During the last year, if you have had a smooth interview process and made a successful hire, congratulations because many did not have the same experience. The market of available young talent continues to be very limited, and now more firms are hiring due to improving stock market conditions.
Furthermore, you will probably not have as many people interested in your role as you may have had in the past. Due to the plethora of openings stemming from the growth of the profession, job seekers aren’t as excited as they once were about salaried entry level positions in financial planning. Plus there are many other vocations (think content creators/social media personalities, etc.) that are perceived as much more exciting and rewarding than financial planning.
In the never-ceasing quest for talent for your firm - in particular, to make sure that if you do get in front of a promising candidate, you win them over other firms when it’s time to make the Offer - here are a few key mistakes we see firms make and how to fix them.
Lack of Clarity Around Role
What firms are doing - Due to poor planning and unclear vision, some firms are perusing competitors’ job listings, taking what they have verbatim, and simply adding their logo. This may save you time in the short run, but will make for headaches in the long run. You need to go through the process of putting together the role and responsibilities to ensure it fills your gap in your firm, and meshes with your culture.
What you should do instead - Use your KPIs and growth projections to back into how many people you need to hire each year (hint: if you are growing, it is probably at least one!) and begin the process now. Instead of searching for a unicorn that you think can do the three jobs you might have combined into one, split one role into two roles as needed, or a break up with a combo of outsourcing and an internal hire, so the job description is a clear description of what one person can realistically do.
Unprepared for Interviews
What firms are doing - Underestimating how much selling it takes to get a candidate interested in your offering, and struggling to answer questions such as ‘why are you hiring?’, ‘what is in it for you?’, ‘what does the growth plan look like for the next 3, 5, 10 years?’, ‘how is working here going to help me get to where I want to go?’, ‘how many days per week can I work from anywhere?’, ‘have you had turnover? If so, why?’, ‘tell me about your benefits plan, sabbatical? paternity/maternity leave?’
What you should do instead - Develop a laser sharp elevator speech, like the one you have for prospective clients, that you can deliver for prospective employees. Something that addresses these types of issues: ‘This is our past, but our future is going to be greater. Here is where we are going, and here is how we are going to get you to where you want to go.’ Send interested candidates all of your company benefits information early on in the interview process, so their questions will be answered or they self select out early on if they don’t like something (saving you time). Be honest, if you have had turnover - talk to them about it, and let them know what you have done to correct it.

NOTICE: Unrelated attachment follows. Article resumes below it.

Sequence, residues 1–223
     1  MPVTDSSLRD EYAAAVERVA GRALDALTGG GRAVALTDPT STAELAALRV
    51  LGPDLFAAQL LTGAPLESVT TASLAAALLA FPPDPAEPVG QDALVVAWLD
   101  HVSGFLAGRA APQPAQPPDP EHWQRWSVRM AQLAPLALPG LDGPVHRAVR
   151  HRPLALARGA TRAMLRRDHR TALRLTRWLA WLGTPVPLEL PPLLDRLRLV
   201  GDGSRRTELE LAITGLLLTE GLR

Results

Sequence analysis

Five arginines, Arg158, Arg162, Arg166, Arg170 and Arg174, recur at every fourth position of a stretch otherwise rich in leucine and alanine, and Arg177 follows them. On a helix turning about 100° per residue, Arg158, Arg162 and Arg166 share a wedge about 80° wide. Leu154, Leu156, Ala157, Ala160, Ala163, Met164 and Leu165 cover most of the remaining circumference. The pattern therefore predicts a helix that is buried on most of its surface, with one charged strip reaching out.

Process Too Lengthy
What firms are doing - Spending six months or longer looking for the next best candidate. This may have served you well in the past, especially when there were substantial stock market pullbacks causing fewer firms to hire and more candidates available shifting supply in your favor, but is going to be a much tougher strategy going forward. If you do have some strong contenders for the role in front of you, avoid waiting to “see if something else comes along that might be better.” We have almost 15 years worth of data that shows the candidates you find first are almost always the best. We’ve noticed a sharp increase recently in firms being way too selective for this reason (along with lack of clarity, as noted above). Keep in mind, you will never get a candidate who checks every single box perfectly, because those people probably aren’t looking for a job.
What you should do instead - Realize we are suggesting streamlining your screening and interviewing process not eliminating it. Once you have made contact with a potential hire, you should strive to make an offer within three weeks. This should be enough time for two interviews and a screening exercise or two. Make sure you have reasonable expectations when it comes to candidate experience/qualifications and compensation. For example, you are not going to be able to secure a candidate that can already deliver as you do - a highly experienced advisor with a decade or more of experience - for under $100k, so there is no reason to hold out.
Hopefully these are helpful for you as you go about your hiring so you don’t derail the process, causing you to lose a quality candidate and place more stress upon your existing team.
Feel free to contact us at firstname.lastname@example.org if you have any questions and/or would like to hear more about how we have helped financial planning firms hire the right talent for the last 14 years to build and strengthen teams that allow them to grow much faster than their peers.